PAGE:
From high turnover to skills gaps, the ongoing speed of technological change, the case has been made for ongoing workplace learning and development.
You may be thinking … But wait, we already have development tools in place.
Nearly all companies say they offer development tools (98%), yet a meager 26% of employees feel these solutions are working.
Even the most well-intentioned L&D initiatives must adapt to the modern workforce. Why? Because the modern workforce has rewritten the rules:
Rule #1 – Ongoing development opportunities are non-negotiable.
Nearly two-thirds of employees are likely to leave their current employer for one that has a reputation for prioritizing employee development.
Transferable and job-specific skills should be developed in ways that go beyond online training to include coaching, mentoring, stretch assignments, and even peer-to-peer feedback.
Rule #2 – Career development must be driven by personal motivators.
When it comes to career development, 53% of employers believe at least half of their employees have a formal career plan. In reality, only 24% have specific goals in mind and regularly track against them.
Yes, the majority of employees want to take charge of their career paths. , companies and managers need to create space for employees to be open about what matters most to them and the vision they have for their career. Managers should take the time to understand the unique motivators behind each individual’s career aspirations, then use these drivers as the focal point for future development activities.
By helping employees discover their personal career mission and goals, then offering meaningful skill development throughout the journey, companies demonstrate they really care. And in turn, get the best work from their employees.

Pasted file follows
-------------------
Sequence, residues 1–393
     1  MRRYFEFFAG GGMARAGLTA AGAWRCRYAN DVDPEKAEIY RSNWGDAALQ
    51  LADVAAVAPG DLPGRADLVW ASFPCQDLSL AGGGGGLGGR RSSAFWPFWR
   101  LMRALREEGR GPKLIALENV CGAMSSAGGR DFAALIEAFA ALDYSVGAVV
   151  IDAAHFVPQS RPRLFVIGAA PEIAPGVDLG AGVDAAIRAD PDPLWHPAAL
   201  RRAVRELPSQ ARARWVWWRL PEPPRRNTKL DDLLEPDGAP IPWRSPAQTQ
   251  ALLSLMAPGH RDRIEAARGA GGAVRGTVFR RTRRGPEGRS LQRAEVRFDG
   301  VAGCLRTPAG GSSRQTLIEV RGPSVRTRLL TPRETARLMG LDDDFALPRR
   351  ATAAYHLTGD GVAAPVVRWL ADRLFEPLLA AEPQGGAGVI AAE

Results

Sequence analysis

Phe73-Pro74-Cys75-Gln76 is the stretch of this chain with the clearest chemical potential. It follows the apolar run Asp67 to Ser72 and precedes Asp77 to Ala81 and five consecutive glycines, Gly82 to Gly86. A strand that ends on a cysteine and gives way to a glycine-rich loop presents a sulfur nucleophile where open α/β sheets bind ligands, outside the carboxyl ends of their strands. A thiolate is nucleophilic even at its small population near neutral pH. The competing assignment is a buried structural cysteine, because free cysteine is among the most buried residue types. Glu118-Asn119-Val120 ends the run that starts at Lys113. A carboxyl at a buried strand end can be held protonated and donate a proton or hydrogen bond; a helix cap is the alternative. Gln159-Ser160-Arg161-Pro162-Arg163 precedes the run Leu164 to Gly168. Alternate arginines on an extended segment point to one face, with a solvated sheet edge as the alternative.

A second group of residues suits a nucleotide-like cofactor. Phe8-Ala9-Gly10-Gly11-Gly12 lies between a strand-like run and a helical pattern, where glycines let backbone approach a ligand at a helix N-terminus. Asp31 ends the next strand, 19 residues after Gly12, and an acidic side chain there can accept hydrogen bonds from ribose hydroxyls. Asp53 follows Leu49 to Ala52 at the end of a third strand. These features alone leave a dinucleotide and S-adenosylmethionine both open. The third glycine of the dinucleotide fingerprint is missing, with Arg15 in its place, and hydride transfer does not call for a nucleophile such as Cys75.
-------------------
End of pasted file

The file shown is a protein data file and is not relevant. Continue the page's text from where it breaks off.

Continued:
Rule #3 – Paychecks and perks aren’t enough—fulfillment is required.
Fulfillment is the ultimate state for employees. It’s where they find meaning in day-to-day work—a top priority for the modern workforce.
Fulfillment goes beyond being engaged to having a true sense of connection and belonging. Meaningful relationships can be cultivated through team projects, peer feedback and coaching, and regular manager-employee conversations that are less about status and more about purpose.
What drives fulfillment for employees over most other factors? Impact. Employees need to feel their individual contributions are moving the needle for the company and its customers as well as their personal and professional goals. When employee achievement is acknowledged publicly and privately, they feel validation that their work matters.
Providing the ideal environment for growth, impact, and connection is well worth the effort—fulfilled employees plan on sticking around three years longer than those who aren’t.
Like it or not, the new rules of employee development have been written for you. The good news is, there are tools and techniques to help you deliver—and they all work together seamlessly.
For additional employee development best practices, listen to my ATD webinar, “6 Employee Development Best Practices: Beyond Learning to Deepening the Employee Experience.” Get the recording here.